Tragedy as AFP staffer suddenly dies
WARNING: Distressing content
The Australian Federal Police has been rocked after a former member of the organisation was found dead this morning.
Julie Woodward's body was discovered in a Melbourne hotel when police went to conduct a welfare check after receiving what appeared to be a suicide note on email.
Ms Woodward, 43, also sent news.com.au the lengthy document - in which she accuses the AFP and state police of subjecting her to a toxic bullying culture - after our extensive coverage about workplace suicides in the AFP.
She is the sixth AFP staffer to have taken their lives in the past two years.
Ms Woodward was employed as a criminal intelligence analyst for the AFP between February and August this year, after a successful career with state police in several Australian states and territories.
"This is a terrible time for Julie's family and friends and the AFP would like to offer its sincere condolences," an AFP spokesperson said in a statement.
"The AFP understands that sadly Julie Woodward was found deceased, in non-suspicious circumstances by Victoria Police. This is now a matter for Victoria Police and the Victorian Coroner."
A Victoria Police spokesperson told news.com.au its investigation into Ms Woodward's death "will be oversighted by our Professional Standards Command".
"Victoria Police was extremely saddened to learn of the death of a former employee in Melbourne earlier today," the spokesperson said.
"Our thoughts and condolences are with her family, friends and former colleagues in Victoria Police.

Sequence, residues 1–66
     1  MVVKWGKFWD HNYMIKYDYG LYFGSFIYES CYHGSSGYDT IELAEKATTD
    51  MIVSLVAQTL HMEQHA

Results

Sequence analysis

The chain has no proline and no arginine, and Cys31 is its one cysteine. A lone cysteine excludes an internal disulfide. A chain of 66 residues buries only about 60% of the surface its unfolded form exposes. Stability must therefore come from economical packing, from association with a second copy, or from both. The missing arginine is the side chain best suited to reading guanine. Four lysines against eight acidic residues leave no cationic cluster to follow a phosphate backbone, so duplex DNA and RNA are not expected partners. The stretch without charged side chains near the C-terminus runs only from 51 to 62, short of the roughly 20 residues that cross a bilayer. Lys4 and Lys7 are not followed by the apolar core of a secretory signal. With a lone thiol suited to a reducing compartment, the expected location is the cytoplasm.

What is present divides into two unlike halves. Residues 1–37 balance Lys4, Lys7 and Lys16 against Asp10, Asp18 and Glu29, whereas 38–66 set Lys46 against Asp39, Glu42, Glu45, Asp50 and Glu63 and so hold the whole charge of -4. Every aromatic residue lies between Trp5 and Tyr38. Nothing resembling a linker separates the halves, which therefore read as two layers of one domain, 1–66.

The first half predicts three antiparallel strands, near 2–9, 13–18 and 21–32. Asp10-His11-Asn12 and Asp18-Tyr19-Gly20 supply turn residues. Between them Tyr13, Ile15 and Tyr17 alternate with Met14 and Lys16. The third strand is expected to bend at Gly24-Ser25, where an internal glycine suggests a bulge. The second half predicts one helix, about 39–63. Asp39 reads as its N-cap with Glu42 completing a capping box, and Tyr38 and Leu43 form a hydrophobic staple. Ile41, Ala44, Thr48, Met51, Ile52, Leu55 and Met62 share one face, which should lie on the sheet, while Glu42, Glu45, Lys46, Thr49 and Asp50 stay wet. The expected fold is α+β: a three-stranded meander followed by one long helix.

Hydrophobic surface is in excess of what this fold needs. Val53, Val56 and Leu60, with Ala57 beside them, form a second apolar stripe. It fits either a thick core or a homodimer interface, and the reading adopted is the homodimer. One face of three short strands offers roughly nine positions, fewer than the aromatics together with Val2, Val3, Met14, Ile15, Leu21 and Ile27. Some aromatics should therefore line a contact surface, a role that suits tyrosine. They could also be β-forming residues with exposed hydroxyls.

"Whilst it is early days in the investigation, we can confirm that prior to her death she sent us a letter which speaks about her experiences at Victoria Police and other policing agencies. The content of that letter will now form part of our investigation on behalf of the coroner.
"Whilst it is inappropriate to comment on aspects of the letter, it is important to state that Victoria Police has and continues to invest heavily in welfare support for staff and we are strongly committed to creating workplaces that are safe, inclusive and respectful."
In her 56-page letter - which news.com.au has chosen not to publish - Ms Woodward recounted personal difficulties and significant challenges she had overcome in her life.
But it was her time serving as an unsworn member in several state police departments and finally the AFP that ultimately broke her. She claimed she was bullied in the Northern Territory and Victoria police forces before accepting a job with the AFP in Canberra earlier this year. Ms Woodward said she again became the target of bullying and harassment in the workplace.